1985 - Volume #9, Issue #5, Page #29[ Sample Stories From This Issue | List of All Stories In This Issue | Print this story | Read this issue]
Farmer Markets Mighty Milk
Conrad Kvamme, Little Falls, Minn., got the idea for Mighty Milk back in 1978. Next came the market research. He interviewed about 1,000 consumers in 8 states to get an idea of their milk-buying habits. He stationed himself near vending machines in service stations, supermarkets and factories. People said they'd buy more milk, if it was readily available. They'd buy flavored milk, too, if there were more flavors besides chocolate.
That's all Kvamme needed to hear. After consulting nutritionists across the country, he contacted Denny Larson, owner of Sauk Rapids Dairy in nearby Sauk Rapids, Minn. Together they produced and perfected Mighty Milk. Five flavors now available in central Minnesota are choc-o-nut, caramel apple, root beer, wild strawberry and banana-pineapple. They're working on six additional flavors, including lemon-honey and grapefruit, and will probably add two to their product line.
"The response to Mighty Milk has been just phenomenal," says Kvamme, "The milk doesn't drop out of suspension, it has good mouth feel, it's not thick, and it's refreshing to drink it alone." It has 1¢% fat and is fortified with solids. Currently only half-gallon sizes are available, but Kvamme and Larson soon hope to be packaging 10-oz. cartons for vending machines, as soon as distributors are found. "We want to put it where people don't have the opportunity now to buy milk," says Kvamme. Several distributors, some from as far away as Pennsylvania and California, have expressed an interest in the venture. The Minnesota team plans to franchise the patented name and formula to processors.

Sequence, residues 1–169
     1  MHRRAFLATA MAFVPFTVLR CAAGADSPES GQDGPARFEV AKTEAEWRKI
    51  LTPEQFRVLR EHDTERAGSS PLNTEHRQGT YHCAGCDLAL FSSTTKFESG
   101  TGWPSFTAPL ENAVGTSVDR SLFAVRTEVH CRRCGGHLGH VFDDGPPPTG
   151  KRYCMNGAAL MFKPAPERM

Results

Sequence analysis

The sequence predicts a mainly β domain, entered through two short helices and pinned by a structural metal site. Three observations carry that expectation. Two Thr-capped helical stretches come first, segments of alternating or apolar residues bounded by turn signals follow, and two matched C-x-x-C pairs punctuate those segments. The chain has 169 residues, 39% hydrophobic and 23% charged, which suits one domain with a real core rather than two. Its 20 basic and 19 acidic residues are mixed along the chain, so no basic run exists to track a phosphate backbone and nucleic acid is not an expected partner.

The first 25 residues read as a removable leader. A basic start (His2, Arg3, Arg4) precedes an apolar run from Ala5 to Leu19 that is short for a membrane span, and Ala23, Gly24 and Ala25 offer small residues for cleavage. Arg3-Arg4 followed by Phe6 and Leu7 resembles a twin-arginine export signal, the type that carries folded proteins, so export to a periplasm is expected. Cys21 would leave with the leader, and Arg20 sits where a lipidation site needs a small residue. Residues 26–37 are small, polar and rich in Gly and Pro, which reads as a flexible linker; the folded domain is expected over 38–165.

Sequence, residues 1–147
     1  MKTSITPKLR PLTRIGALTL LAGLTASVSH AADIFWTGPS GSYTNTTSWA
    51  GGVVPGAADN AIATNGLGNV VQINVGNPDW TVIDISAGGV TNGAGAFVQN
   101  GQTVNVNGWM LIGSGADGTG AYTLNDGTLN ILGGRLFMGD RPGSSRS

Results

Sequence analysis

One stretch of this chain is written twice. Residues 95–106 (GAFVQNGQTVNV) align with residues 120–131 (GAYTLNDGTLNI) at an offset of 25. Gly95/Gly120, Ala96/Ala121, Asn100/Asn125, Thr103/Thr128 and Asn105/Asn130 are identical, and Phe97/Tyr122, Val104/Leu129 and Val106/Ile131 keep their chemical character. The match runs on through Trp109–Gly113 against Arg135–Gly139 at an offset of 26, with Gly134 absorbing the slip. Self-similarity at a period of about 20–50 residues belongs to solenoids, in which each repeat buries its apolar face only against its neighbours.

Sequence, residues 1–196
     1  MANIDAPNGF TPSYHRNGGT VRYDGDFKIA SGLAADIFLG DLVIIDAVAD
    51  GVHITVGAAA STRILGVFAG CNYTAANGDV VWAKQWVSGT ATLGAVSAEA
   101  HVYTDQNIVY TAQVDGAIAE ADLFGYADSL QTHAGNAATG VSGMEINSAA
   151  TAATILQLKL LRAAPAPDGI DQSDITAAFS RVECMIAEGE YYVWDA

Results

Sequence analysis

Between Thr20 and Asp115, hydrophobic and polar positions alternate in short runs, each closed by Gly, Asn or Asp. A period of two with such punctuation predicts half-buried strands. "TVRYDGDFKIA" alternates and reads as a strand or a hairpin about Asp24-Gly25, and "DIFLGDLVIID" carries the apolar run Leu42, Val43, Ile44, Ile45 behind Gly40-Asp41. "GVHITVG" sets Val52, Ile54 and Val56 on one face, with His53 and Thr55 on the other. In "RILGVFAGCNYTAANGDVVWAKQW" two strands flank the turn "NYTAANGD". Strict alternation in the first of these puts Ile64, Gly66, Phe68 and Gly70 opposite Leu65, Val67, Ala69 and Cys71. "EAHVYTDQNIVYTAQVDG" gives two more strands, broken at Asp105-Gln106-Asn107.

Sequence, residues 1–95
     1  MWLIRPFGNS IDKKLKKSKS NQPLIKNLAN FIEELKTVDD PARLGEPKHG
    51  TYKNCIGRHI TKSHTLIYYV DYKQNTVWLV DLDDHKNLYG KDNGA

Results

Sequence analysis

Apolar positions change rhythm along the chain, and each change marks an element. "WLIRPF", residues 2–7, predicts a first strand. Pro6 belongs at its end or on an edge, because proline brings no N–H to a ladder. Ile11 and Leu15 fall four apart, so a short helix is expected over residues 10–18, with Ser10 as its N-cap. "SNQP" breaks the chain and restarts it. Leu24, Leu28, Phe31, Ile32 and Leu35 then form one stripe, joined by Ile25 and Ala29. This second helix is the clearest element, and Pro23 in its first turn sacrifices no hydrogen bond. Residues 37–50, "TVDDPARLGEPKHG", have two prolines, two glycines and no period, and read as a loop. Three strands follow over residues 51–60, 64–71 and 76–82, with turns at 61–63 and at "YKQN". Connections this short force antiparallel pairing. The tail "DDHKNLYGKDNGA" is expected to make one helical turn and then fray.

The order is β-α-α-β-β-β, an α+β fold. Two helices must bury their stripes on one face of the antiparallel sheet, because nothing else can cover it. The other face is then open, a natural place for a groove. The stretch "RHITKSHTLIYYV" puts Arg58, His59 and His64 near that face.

Kvamme is now ready for investors' money. "I wanted to see if it would go. That's why I went with my own money at first," he says. "I'm confident it will go now. I have enough strategy planned that I think I'll get my money back." He's invested about $50,000 in the project.
"I want to get farmers excited. I want them to know that we're doing this for the American dairyman. We've just touched the potential for milk, with new products, education and promotion, I think dairymen have missed the boat in marketing milk. We'd better remember that consumers are the ultimate ù we have to produce the alternatives they want. And it's not only the products, but also how you word the promotions," he says.
Kvamme, known as a dairy promoter and idea man, believes consumers will buy Mighty Milk in addition to their regular milk. "It's an alternative, not a substitution," he says. It should attract people who haven't been milk drinkers, and compete with soft drinks.
For more information, contact: FARM SHOW Followup, Conrad Kvamme, Orbit Farms, Rt. 2, Hwy. 27W, Little Falls, Minn. 56345 (ph 612 632-3535).
(Reprinted with permission from Dairy Herd Management, P.O. Box 67, Minneapolis, Minn. 55440.)
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